lished by others since his death, while four biographies of him have been issued in America (by Emerson, Channing, Sanborn, and Jones), besides two in England (by Page and Salt).
Thoreau was born Massachusetts, where he taught school and was for three years an inmate of the family of Ralph Waldo Emerson, practicing at various times the art of pencil-making — his father's occupation — and also of surveying, carpentering, and housekeeping.
So identified was he with the place that Emerson speaks of it in one case as Thoreau's native town.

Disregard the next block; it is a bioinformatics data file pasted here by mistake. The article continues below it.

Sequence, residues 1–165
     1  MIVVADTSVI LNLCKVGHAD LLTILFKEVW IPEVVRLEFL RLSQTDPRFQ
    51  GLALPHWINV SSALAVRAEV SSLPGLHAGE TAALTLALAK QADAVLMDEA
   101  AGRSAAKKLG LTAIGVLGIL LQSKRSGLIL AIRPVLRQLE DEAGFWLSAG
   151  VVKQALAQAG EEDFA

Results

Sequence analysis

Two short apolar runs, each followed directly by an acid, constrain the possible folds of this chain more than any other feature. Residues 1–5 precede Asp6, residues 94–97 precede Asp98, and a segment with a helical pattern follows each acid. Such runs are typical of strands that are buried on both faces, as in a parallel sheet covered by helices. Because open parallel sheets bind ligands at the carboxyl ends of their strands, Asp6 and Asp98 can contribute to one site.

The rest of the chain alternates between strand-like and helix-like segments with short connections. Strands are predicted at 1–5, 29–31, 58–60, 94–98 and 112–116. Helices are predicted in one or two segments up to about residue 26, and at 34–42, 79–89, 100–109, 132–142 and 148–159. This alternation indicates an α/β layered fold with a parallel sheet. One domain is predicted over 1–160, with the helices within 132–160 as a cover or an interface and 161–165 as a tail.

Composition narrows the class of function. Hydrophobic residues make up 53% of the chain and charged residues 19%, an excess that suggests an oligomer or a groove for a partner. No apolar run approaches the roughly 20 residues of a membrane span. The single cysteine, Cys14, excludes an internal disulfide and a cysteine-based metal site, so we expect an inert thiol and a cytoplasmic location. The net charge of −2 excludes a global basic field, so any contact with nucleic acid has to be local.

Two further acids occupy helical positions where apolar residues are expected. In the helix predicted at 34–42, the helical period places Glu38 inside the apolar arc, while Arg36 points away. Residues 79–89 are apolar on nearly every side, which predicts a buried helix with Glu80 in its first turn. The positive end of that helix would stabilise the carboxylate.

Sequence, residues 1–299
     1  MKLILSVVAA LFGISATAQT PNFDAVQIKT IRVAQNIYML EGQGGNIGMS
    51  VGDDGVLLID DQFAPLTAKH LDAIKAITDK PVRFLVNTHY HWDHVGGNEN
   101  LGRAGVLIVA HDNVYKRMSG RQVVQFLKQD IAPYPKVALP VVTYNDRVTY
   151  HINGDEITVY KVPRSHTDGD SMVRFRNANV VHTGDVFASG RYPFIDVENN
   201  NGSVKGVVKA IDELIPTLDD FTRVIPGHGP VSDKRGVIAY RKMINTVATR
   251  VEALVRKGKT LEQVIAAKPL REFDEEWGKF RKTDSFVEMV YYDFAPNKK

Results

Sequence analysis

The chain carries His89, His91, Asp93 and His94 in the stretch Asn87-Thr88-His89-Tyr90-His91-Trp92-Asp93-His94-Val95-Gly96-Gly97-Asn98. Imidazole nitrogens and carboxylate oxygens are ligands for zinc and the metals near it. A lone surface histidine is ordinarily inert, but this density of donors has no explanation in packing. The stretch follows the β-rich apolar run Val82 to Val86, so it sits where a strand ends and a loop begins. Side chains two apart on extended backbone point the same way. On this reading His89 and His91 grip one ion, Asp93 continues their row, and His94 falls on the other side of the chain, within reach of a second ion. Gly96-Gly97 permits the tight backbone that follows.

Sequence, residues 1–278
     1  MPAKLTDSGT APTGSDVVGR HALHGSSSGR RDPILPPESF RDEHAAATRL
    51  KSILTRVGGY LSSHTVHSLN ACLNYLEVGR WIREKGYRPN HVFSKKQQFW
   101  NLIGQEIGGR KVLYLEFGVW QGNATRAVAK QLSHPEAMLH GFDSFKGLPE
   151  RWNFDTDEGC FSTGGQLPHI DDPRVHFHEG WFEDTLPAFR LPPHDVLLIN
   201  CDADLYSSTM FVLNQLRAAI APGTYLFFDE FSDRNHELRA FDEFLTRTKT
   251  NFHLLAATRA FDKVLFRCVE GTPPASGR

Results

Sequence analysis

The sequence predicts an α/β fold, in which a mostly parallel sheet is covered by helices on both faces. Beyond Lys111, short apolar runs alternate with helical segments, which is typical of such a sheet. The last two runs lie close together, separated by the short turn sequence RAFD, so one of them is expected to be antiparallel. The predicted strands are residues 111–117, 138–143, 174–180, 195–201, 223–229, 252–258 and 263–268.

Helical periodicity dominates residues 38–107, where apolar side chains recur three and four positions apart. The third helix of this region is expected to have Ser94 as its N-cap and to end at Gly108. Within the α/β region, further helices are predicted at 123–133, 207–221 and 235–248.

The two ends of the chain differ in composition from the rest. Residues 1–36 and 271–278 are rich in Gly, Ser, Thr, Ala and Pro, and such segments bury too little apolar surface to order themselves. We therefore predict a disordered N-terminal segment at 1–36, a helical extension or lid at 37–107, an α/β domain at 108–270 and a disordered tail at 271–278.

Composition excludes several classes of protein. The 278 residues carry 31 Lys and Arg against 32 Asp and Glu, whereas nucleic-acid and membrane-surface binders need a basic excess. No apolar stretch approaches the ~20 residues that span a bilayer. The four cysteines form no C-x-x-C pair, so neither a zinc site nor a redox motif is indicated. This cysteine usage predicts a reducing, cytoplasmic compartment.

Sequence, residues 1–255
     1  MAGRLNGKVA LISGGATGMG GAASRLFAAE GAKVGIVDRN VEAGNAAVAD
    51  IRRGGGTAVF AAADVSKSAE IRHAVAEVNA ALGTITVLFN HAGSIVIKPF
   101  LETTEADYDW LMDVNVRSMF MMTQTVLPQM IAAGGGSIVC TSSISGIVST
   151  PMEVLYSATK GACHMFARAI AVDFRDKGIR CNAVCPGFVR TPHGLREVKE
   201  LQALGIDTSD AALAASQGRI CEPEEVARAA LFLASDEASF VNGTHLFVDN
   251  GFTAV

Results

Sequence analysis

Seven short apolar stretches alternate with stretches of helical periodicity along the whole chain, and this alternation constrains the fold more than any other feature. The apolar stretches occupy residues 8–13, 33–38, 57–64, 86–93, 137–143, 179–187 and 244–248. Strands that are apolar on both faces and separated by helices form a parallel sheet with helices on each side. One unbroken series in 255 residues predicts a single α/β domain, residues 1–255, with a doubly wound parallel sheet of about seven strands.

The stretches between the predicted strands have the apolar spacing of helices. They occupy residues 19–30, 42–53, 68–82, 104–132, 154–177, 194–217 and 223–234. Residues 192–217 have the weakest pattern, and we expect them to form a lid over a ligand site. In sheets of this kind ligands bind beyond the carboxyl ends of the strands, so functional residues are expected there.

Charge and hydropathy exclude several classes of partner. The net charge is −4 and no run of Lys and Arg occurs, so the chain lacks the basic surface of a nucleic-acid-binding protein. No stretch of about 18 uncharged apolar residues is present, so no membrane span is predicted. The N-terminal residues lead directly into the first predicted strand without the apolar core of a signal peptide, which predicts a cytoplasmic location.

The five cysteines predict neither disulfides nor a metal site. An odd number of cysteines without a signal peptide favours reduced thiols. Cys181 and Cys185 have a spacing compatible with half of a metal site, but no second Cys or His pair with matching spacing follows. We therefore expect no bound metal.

Yet from that very familiarity, perhaps, the latts after a man's death, it comes pretty near to a permanent fame.
It is true that Thoreau had Emerson as the editor of four of his posthumous volumes; but it is also true that he had against him the vehement voice of Lowell, whose influence as a critic was at that time greater than Emerson's. It will always remain a puzzle why it was that Lowell, who had reviewed Thoreau's first book with cor